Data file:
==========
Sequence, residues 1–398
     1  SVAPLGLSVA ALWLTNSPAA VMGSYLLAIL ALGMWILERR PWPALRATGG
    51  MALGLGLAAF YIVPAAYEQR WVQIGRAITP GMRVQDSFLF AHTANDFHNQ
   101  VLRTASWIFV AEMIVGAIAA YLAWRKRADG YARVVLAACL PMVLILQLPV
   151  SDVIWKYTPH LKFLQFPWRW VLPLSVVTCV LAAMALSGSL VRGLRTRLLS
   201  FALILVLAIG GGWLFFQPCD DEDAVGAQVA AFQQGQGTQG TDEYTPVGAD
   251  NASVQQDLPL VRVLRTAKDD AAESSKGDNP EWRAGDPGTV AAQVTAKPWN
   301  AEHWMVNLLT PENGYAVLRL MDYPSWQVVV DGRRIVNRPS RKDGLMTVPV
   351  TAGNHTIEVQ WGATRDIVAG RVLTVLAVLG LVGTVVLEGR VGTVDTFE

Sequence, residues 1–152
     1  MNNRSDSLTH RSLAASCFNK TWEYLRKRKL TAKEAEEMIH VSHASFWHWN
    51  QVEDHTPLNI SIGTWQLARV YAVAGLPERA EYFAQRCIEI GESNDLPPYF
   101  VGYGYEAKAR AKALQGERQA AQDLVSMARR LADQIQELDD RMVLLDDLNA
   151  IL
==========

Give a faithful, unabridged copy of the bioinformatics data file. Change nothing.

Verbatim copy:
Sequence, residues 1–398
     1  SVAPLGLSVA ALWLTNSPAA VMGSYLLAIL ALGMWILERR PWPALRATGG
    51  MALGLGLAAF YIVPAAYEQR WVQIGRAITP GMRVQDSFLF AHTANDFHNQ
   101  VLRTASWIFV AEMIVGAIAA YLAWRKRADG YARVVLAACL PMVLILQLPV
   151  SDVIWKYTPH LKFLQFPWRW VLPLSVVTCV LAAMALSGSL VRGLRTRLLS
   201  FALILVLAIG GGWLFFQPCD DEDAVGAQVA AFQQGQGTQG TDEYTPVGAD
   251  NASVQQDLPL VRVLRTAKDD AAESSKGDNP EWRAGDPGTV AAQVTAKPWN
   301  AEHWMVNLLT PENGYAVLRL MDYPSWQVVV DGRRIVNRPS RKDGLMTVPV
   351  TAGNHTIEVQ WGATRDIVAG RVLTVLAVLG LVGTVVLEGR VGTVDTFE

Sequence, residues 1–152
     1  MNNRSDSLTH RSLAASCFNK TWEYLRKRKL TAKEAEEMIH VSHASFWHWN
    51  QVEDHTPLNI SIGTWQLARV YAVAGLPERA EYFAQRCIEI GESNDLPPYF
   101  VGYGYEAKAR AKALQGERQA AQDLVSMARR LADQIQELDD RMVLLDDLNA
   151  IL